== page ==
Refuse to Submit to Breath Test (ACT)
Refusing to submit to a breath test or provide an oral fluid sample is an offence under section 22 of the Road Transport Act 1977. This offence is punishable by a fine of up to 30 penalty units (currently $4,800.) Refusing to submit to a breath test is a serious offence as it can prevent police from establishing a person’s BAC and as a consequence, where the fault is likely to lie when an accident has occurred.
What must be proven for refusing to submit to breath test?
For a court to find a person guilty of this offence, the prosecution must prove beyond a reasonable doubt that that person was:
- Driving a motor vehicle on a road or road related area or was a driver instructor; and
- Refused or failed to provide a sample of breath or oral fluid, at the reasonable directions of a police officer.
Alternatively, a person may be found guilty of this offence, if they return a positive preliminary test, but refuse to provide a breath or oral fluid sample for further analysis.
Defence to refusing to submit to breath test
A person charged with refusing or failing to submit to a breath test can valid defend the charge by arguing that the failure was due to medical grounds.
Under the Road Transport Act, there are several other offences related to failing to submit to a breath test. These are outlined below.
Failing to stay for screening test
Section 22b of the Road Transport Act makes it an offence for a person to fail to remain at a place where alcohol or drug screening tests are being carried out after a police officer has required them to do so. This offence is punishable by a fine of 20 penalty units.
Persons who have been involved in accidents or culpable driving may be required to take part in alcohol screening tests or drug screening tests under various provisions of the Road Transport Act.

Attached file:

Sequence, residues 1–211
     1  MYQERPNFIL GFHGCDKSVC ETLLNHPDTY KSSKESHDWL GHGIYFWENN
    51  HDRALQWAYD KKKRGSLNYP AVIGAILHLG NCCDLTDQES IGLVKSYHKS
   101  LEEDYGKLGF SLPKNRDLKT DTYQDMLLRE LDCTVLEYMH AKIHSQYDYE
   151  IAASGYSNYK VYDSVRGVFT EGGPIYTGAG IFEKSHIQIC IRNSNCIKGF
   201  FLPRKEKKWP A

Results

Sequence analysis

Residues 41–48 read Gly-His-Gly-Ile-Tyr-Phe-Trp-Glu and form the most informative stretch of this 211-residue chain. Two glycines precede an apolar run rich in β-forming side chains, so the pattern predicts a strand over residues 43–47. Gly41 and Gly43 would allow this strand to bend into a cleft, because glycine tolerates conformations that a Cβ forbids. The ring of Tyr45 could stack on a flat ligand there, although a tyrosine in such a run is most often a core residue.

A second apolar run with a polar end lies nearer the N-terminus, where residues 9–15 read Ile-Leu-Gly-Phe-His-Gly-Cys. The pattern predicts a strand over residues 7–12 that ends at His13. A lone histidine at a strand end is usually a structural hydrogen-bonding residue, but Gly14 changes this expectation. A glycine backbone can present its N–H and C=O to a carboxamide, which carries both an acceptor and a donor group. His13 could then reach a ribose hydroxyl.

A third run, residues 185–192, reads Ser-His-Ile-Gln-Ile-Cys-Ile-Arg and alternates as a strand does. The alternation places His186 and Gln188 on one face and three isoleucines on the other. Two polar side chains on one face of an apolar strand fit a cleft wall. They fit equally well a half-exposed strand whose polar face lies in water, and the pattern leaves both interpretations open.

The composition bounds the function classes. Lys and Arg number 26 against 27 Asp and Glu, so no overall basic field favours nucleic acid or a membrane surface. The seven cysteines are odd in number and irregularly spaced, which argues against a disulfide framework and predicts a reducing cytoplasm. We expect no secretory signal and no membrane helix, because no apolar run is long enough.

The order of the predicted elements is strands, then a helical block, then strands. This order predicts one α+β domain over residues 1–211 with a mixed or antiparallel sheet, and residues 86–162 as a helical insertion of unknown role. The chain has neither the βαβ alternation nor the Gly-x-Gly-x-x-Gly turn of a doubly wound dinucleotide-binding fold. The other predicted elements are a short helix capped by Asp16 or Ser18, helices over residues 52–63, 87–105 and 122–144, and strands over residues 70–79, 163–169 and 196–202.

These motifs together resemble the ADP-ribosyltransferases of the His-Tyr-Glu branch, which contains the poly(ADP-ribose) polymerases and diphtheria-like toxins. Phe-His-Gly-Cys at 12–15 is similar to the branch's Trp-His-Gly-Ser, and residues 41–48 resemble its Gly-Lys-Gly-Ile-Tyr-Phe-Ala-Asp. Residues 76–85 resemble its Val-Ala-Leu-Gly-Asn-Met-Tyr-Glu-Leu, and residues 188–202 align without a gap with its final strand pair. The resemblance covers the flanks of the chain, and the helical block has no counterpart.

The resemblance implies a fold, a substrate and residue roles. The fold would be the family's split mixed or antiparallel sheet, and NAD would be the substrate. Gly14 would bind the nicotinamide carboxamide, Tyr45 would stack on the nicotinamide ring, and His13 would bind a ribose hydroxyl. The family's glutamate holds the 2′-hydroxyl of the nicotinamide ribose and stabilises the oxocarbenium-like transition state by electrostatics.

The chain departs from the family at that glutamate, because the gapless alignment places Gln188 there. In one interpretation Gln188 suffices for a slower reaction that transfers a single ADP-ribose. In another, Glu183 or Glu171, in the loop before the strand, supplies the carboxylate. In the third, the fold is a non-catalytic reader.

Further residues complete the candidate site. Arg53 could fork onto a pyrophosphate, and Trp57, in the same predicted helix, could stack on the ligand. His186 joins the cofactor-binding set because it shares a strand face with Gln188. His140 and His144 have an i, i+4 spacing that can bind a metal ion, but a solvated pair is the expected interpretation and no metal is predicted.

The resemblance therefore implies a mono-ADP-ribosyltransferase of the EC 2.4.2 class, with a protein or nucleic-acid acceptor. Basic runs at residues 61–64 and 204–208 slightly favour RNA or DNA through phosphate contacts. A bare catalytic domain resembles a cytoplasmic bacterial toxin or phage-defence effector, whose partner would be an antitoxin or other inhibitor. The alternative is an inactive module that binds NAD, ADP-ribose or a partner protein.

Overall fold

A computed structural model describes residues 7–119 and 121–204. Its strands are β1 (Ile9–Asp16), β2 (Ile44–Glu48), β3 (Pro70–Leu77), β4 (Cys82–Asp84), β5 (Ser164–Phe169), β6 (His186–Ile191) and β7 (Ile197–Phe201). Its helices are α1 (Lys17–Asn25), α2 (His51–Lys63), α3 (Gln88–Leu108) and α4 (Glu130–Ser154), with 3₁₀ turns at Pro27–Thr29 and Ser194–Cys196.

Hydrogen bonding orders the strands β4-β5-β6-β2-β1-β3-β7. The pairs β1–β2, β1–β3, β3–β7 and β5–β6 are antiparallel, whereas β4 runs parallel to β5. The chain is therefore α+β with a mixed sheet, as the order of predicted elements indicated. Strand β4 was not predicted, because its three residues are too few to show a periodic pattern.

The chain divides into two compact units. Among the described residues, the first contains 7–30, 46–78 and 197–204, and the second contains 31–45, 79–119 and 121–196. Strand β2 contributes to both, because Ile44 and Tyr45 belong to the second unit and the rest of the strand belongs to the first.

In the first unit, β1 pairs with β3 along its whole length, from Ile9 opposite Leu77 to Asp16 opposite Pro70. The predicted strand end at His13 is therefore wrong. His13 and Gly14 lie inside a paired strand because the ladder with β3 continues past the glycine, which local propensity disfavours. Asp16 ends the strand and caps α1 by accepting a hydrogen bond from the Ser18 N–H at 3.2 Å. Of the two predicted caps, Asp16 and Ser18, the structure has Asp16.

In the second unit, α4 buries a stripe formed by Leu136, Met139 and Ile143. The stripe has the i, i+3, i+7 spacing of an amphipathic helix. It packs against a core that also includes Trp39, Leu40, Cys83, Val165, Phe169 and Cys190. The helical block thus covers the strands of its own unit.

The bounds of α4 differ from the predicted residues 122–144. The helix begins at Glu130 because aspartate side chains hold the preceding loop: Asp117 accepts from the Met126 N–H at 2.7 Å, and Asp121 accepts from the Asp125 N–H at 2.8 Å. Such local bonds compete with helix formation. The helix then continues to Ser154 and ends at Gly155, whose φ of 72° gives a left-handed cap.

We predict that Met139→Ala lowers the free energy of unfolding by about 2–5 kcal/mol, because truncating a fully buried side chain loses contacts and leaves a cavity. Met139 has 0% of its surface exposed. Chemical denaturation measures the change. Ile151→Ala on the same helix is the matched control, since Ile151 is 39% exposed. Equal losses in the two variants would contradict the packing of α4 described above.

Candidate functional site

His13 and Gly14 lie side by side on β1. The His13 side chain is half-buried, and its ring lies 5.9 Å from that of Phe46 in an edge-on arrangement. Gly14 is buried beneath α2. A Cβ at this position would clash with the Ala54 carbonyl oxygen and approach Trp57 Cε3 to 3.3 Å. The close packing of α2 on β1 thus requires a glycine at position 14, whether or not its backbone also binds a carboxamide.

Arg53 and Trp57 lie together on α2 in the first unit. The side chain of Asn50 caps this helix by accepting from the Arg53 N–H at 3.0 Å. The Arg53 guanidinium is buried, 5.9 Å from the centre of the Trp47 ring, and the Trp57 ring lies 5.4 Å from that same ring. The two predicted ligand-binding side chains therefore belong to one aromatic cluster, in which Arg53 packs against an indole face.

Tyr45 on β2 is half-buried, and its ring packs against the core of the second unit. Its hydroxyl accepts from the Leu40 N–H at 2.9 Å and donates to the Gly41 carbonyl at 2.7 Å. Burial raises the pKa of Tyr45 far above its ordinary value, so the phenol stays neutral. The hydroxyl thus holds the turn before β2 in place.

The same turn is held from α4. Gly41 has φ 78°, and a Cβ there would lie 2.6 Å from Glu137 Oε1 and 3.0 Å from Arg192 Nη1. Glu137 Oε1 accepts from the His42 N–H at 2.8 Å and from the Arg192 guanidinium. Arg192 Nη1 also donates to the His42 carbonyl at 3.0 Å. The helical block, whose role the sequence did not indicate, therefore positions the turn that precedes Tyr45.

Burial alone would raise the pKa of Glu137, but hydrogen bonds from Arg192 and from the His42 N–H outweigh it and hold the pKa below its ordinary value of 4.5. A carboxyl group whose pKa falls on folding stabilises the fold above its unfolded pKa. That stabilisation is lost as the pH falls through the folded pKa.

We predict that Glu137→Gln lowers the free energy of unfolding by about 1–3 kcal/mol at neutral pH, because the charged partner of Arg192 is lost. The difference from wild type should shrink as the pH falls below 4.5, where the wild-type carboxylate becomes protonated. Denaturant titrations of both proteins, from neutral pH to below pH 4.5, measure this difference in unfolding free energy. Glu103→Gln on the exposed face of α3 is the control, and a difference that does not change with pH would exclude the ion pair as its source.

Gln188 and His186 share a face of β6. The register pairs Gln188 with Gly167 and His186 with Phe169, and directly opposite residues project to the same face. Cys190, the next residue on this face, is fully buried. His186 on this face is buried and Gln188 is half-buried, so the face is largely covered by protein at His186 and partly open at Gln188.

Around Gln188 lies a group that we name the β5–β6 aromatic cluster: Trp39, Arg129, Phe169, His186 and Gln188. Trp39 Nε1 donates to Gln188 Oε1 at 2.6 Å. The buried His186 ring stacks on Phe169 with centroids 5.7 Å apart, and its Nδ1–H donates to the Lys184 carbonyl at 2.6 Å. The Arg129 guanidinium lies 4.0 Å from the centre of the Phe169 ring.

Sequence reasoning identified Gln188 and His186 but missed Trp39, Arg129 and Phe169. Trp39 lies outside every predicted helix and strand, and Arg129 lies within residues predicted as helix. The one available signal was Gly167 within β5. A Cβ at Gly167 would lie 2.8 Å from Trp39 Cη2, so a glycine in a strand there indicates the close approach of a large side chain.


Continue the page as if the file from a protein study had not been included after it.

Refusing a blood test
Section 23 of the Act makes it an offence for a person to refuse to take part in a blood test after a police officer has required them to do so. This offence is punishable by a fine of up to 30 penalty units.
It is a defence to a charge if the person refused due to religious or other conscientious grounds or for medical reasons.
If you require legal advice or representation in relation to refusing to submit to a breath test or in any other legal matter, please contact Armstrong Legal.
WHERE TO NEXT?
In NSW, traffic offences are treated seriously. Therefore, it is important to get competent legal advice as early as possible, whether you have received a penalty notice, had your licence suspended or been charged with a serious offence. Our lawyers are highly experienced and understand the difficulties you face without a licence. We can guide you through the process while dealing with the various authorities related to your matter.